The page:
Stock Analysis

Puxing Energy (HKG:90) Has A Somewhat Strained Balance Sheet

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SEHK:90
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David Iben put it well when he said, 'Volatility is not a risk we care about. What we care about is avoiding the permanent loss of capital.' It's only natural to consider a company's balance sheet when you examine how risky it is, since debt is often involved when a business collapses. As with many other companies Puxing Energy Limited (HKG:90) makes use of debt. But the more important question is: how much risk is that debt creating?

When Is Debt A Problem?

Generally speaking, debt only becomes a real problem when a company can't easily pay it off, either by raising capital or with its own cash flow. Ultimately, if the company can't fulfill its legal obligations to repay debt, shareholders could walk away with nothing. While that is not too common, we often do see indebted companies permanently diluting shareholders because lenders force them to raise capital at a distressed price. By replacing dilution, though, debt can be an extremely good tool for businesses that need capital to invest in growth at high rates of return. The first step when considering a company's debt levels is to consider its cash and debt together.

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How Much Debt Does Puxing Energy Carry?

The image below, which you can click on for greater detail, shows that at June 2021 Puxing Energy had debt of CN¥795.6m, up from CN¥522.8m in one year. However, because it has a cash reserve of CN¥107.9m, its net debt is less, at about CN¥687.7m.

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SEHK:90 Debt to Equity History December 1st 2021

A Look At Puxing Energy's Liabilities

The latest balance sheet data shows that Puxing Energy had liabilities of CN¥483.4m due within a year, and liabilities of CN¥719.2m falling due after that. On the other hand, it had cash of CN¥107.9m and CN¥42.5m worth of receivables due within a year. So it has liabilities totalling CN¥1.05b more than its cash and near-term receivables, combined.

The deficiency here weighs heavily on the CN¥304.2m company itself, as if a child were struggling under the weight of an enormous back-pack full of books, his sports gear, and a trumpet. So we definitely think shareholders need to watch this one closely. After all, Puxing Energy would likely require a major re-capitalisation if it had to pay its creditors today.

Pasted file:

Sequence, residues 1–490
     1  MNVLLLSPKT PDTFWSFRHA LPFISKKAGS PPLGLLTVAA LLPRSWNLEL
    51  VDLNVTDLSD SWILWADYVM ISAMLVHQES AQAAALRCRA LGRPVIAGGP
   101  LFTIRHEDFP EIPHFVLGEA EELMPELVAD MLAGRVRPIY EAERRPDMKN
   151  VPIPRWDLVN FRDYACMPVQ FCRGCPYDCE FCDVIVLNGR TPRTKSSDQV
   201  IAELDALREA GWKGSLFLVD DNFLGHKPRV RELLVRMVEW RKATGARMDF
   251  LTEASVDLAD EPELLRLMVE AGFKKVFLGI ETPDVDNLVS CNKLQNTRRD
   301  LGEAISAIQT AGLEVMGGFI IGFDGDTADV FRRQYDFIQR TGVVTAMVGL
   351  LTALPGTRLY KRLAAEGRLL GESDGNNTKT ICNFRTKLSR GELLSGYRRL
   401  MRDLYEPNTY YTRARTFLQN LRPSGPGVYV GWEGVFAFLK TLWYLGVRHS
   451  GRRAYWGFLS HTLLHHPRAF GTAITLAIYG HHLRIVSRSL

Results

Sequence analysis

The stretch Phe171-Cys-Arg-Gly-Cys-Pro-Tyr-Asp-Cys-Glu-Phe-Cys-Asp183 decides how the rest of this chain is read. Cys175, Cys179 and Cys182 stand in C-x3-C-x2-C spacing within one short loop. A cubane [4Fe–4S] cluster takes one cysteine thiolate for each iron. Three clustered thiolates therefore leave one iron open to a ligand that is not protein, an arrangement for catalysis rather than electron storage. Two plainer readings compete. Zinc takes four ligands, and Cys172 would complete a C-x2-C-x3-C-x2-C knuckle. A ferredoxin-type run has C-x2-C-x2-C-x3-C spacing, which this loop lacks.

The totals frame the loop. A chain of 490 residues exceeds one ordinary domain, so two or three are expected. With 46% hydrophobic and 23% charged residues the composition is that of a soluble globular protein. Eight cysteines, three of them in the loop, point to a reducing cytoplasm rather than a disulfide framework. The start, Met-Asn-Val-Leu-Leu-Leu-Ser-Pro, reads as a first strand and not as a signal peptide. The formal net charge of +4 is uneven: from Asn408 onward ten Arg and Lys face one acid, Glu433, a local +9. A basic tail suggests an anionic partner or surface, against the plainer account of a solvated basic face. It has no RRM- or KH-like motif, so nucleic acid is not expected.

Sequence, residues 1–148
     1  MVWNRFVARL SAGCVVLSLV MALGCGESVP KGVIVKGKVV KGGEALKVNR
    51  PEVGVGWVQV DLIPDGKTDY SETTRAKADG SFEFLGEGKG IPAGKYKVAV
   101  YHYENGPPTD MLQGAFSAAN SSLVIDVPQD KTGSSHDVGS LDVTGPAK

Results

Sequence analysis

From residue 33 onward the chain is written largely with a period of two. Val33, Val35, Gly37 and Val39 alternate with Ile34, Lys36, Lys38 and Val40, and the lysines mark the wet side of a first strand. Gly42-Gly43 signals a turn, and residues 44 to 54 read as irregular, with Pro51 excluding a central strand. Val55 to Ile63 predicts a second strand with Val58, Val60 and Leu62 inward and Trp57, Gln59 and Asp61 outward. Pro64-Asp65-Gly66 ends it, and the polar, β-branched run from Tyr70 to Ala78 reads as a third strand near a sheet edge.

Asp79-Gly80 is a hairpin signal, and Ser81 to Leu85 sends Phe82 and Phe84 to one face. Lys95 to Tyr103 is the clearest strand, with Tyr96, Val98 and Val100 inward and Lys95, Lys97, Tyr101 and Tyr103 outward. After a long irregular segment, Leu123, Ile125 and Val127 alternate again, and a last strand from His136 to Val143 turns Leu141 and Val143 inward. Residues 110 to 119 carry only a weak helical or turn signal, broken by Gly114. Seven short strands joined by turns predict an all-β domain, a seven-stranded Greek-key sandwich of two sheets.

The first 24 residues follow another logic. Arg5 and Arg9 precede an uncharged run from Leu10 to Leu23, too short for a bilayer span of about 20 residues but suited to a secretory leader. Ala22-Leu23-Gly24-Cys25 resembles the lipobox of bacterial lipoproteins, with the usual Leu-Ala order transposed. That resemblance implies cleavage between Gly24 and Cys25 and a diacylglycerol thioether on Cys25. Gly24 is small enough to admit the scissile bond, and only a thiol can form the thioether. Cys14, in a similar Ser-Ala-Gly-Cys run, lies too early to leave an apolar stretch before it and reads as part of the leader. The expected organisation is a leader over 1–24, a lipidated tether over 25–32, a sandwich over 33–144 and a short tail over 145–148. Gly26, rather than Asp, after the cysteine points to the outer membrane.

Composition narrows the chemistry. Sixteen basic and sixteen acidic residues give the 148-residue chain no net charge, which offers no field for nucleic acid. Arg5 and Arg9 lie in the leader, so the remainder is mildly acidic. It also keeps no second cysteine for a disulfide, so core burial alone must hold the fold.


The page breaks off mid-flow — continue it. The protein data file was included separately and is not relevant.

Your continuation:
In order to size up a company's debt relative to its earnings, we calculate its net debt divided by its earnings before interest, tax, depreciation, and amortization (EBITDA) and its earnings before interest and tax (EBIT) divided by its interest expense (its interest cover). This way, we consider both the absolute quantum of the debt, as well as the interest rates paid on it.

Puxing Energy has net debt worth 2.4 times EBITDA, which isn't too much, but its interest cover looks a bit on the low side, with EBIT at only 3.8 times the interest expense. While that doesn't worry us too much, it does suggest the interest payments are somewhat of a burden. Unfortunately, Puxing Energy's EBIT flopped 15% over the last four quarters. If that sort of decline is not arrested, then the managing its debt will be harder than selling broccoli flavoured ice-cream for a premium. When analysing debt levels, the balance sheet is the obvious place to start. But you can't view debt in total isolation; since Puxing Energy will need earnings to service that debt. So when considering debt, it's definitely worth looking at the earnings trend. Click here for an interactive snapshot.

Finally, a business needs free cash flow to pay off debt; accounting profits just don't cut it. So it's worth checking how much of that EBIT is backed by free cash flow. Over the last three years, Puxing Energy recorded free cash flow worth a fulsome 97% of its EBIT, which is stronger than we'd usually expect. That positions it well to pay down debt if desirable to do so.

Our View

On the face of it, Puxing Energy's EBIT growth rate left us tentative about the stock, and its level of total liabilities was no more enticing than the one empty restaurant on the busiest night of the year. But on the bright side, its conversion of EBIT to free cash flow is a good sign, and makes us more optimistic. Overall, we think it's fair to say that Puxing Energy has enough debt that there are some real risks around the balance sheet. If all goes well, that should boost returns, but on the flip side, the risk of permanent capital loss is elevated by the debt. The balance sheet is clearly the area to focus on when you are analysing debt. However, not all investment risk resides within the balance sheet - far from it. Be aware that Puxing Energy is showing 3 warning signs in our investment analysis , you should know about...

Of course, if you're the type of investor who prefers buying stocks without the burden of debt, then don't hesitate to discover our exclusive list of net cash growth stocks, today.

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